The Chocolate Log

Author: Cheryl Kumar Templeton

Year of Publication: 2013

– A Tale about Cakes and Compassion

A story of a woman and by a woman who visited Mcleodgang for a medical reason and chose to settle here forever; for here she belonged and was called back by all environmental energies.

Dharamsala in Himachal Pradesh is a Tibetan settlement and is home to His Holiness the 14th Dalai Lama because of whose presence the area has transformed into hills of radiating spirituality and optimism.

The book is a compilation of real life experiences by the lady herself who through shifts and swirls in the hills found her spot which is considered today as the ‘the karmic mountain’.

The book is a very swift read and becomes all the more enjoyable if you have visited Mcleodgang, the title place in question – ‘The Chocolate Log’ and met the author herself – Cheryl. For me it was as if characters whom I met in reality got a structure in the form of a tale; a non-fiction which is as beautiful as a fiction.

For a tourist, the attraction is limited to what can be jotted down on a piece of paper in terms of the checklist. But for a locale and a person who is gradually developing through experience, every moment becomes an adding ingredient.

The book apart from highlighting the course of journey of settlement from a meager tent shelter to a fully fledged running café and building of the ‘The Cheryton Cottage Guest House’ along with the “Wine Oaks’ is a traceable narrative. The text of the book is a well knitted story for those who aren’t acquainted with the place but nostalgia to live for those who have shared some moments.

Cheryl not just offers a few of her recipes here but an iced baked cake of her life, a slice of which we all wish to intake. She is not a bakery chef. She is not a writer. She is a woman with spirit and spontaneity whose strong decisions have enabled her to reach where she is today.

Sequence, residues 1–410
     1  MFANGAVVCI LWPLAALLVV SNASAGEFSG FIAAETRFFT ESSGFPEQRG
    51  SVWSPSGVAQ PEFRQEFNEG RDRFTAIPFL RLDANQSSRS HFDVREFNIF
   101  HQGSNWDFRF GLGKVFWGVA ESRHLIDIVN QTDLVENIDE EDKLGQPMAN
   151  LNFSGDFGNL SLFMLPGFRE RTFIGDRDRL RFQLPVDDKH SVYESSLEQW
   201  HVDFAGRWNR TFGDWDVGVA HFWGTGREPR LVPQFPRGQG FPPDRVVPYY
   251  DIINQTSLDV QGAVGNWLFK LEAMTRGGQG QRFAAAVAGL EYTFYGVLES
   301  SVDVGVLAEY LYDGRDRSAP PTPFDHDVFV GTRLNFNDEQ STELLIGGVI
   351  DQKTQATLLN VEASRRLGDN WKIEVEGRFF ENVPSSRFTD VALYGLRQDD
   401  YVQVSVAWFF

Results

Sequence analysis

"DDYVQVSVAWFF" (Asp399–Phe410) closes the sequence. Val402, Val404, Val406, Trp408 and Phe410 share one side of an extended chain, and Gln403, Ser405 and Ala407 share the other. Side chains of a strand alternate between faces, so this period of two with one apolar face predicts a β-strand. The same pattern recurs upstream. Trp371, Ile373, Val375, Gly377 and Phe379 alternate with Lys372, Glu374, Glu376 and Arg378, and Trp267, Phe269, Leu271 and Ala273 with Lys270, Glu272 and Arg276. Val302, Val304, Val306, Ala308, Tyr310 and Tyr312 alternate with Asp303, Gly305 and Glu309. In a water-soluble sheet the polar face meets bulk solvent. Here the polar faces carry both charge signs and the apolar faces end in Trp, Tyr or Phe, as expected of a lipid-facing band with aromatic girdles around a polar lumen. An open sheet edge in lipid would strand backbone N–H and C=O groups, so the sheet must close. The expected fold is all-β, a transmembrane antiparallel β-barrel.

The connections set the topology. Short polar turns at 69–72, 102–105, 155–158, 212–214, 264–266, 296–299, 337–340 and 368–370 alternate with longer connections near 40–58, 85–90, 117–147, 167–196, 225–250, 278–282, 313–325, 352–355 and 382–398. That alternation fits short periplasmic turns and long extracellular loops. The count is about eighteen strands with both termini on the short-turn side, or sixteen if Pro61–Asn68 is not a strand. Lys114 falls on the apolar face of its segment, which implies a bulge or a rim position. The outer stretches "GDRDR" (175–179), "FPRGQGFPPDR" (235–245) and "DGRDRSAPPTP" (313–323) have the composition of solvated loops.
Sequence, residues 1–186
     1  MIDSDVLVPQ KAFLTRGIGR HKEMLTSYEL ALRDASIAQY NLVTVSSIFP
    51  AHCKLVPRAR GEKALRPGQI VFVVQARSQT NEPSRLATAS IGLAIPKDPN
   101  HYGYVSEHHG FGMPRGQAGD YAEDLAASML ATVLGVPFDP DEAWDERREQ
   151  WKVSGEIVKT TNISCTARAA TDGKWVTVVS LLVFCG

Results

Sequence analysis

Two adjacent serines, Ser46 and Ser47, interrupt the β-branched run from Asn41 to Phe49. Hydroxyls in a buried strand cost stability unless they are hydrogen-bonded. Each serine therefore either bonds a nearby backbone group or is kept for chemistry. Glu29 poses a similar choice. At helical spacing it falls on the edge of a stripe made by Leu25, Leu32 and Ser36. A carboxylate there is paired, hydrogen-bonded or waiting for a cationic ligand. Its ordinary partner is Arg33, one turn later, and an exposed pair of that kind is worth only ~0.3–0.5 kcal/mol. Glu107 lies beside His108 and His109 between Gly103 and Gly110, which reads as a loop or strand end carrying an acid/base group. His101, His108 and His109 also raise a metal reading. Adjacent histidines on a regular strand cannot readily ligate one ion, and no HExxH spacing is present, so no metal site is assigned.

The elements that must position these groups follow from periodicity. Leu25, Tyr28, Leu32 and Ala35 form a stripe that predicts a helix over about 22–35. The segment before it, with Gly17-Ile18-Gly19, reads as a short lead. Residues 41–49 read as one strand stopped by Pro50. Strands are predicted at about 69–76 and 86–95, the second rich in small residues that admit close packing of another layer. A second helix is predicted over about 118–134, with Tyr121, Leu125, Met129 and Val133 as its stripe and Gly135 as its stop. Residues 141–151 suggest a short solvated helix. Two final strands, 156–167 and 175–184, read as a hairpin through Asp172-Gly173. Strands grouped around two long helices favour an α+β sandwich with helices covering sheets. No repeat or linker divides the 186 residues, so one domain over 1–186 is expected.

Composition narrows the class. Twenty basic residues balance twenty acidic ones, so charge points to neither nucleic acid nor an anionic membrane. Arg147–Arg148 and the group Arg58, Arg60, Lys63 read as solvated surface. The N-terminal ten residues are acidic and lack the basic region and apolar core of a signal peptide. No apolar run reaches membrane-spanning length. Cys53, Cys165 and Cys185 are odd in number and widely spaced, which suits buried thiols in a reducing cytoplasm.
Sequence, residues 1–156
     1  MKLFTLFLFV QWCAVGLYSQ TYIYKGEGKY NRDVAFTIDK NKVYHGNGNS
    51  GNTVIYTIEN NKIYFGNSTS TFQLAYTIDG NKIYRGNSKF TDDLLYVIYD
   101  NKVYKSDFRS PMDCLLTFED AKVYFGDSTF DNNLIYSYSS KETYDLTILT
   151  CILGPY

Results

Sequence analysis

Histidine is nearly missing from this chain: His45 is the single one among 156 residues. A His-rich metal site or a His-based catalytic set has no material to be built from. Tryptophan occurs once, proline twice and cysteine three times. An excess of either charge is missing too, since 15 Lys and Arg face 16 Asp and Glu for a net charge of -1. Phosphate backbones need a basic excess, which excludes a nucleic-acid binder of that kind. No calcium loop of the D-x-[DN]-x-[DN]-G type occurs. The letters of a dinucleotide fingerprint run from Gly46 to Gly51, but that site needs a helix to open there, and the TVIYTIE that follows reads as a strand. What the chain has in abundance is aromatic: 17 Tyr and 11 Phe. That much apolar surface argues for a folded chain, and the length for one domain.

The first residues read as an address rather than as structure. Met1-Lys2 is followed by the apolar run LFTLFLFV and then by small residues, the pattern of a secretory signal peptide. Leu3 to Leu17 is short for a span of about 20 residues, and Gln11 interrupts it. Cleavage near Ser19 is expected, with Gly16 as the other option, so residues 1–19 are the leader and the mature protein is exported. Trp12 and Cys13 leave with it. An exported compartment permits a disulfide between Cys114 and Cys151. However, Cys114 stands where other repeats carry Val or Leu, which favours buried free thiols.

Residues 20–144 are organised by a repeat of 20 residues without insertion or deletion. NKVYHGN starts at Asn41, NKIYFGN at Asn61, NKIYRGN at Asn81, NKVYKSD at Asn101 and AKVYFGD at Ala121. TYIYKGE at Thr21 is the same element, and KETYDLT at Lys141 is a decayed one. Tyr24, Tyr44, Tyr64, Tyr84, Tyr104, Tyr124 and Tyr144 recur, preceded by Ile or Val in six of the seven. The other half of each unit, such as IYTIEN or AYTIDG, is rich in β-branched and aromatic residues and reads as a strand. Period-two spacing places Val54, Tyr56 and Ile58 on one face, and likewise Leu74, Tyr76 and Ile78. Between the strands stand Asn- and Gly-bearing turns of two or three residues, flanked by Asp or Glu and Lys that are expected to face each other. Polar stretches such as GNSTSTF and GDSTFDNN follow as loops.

Many people visit Dharamsala in search of finding the ‘lack’ in their lives. Some seek refuge in monasteries and nunneries, some learn Tibetan Buddhism and meditation and some just loiter around zoned with toxic elements. Every human is in a state of trance but those who can channelize their energies are the ones who have found the right path to follow.

‘Little Lhasa’ i.e. our very own Mcleodgang echoes with the ideas and needs of optimism but even then the real philosophical debate is never subsumed until and unless one pays a visit to the ‘The Chocolate Log’ where rests the ‘The Philosopher’s Bench’.

Cheryl has created  her own world of peace and prosperity amidst the hills where numerous people have simultaneously sought solace and elevation in thought and spirit just by communicating with the couple or by indulging in the gluttony delicacies prepared by the author herself.

We all live in tales but her narrative leaves you in awe. Beneath the chocolate layers on the cakes there rests many scarred, burnt and painful times which could have ripped any human in to pieces beyond repair.

In every aspect, the book is a collection of moments which leads one as a reader to look up for something in life and believe in every minute success that one receives. For every individual we encounter, whether he or she helps us in direct terms or not, they tend to add something to our pool of knowledge and intellect.

Valuing relationships and believing in humanity has lead Cheryl and her husband to create a paradise of their own which stands open to be shared by the world at Mcleodgang, Dharamsala, India.

“’Come, let us pray’, the Holy Man cries,

‘For Peace, for truth, life that never dies.

Love the Universe, don’t draw lines,

Remove all dog tags, Yours and Mine.”

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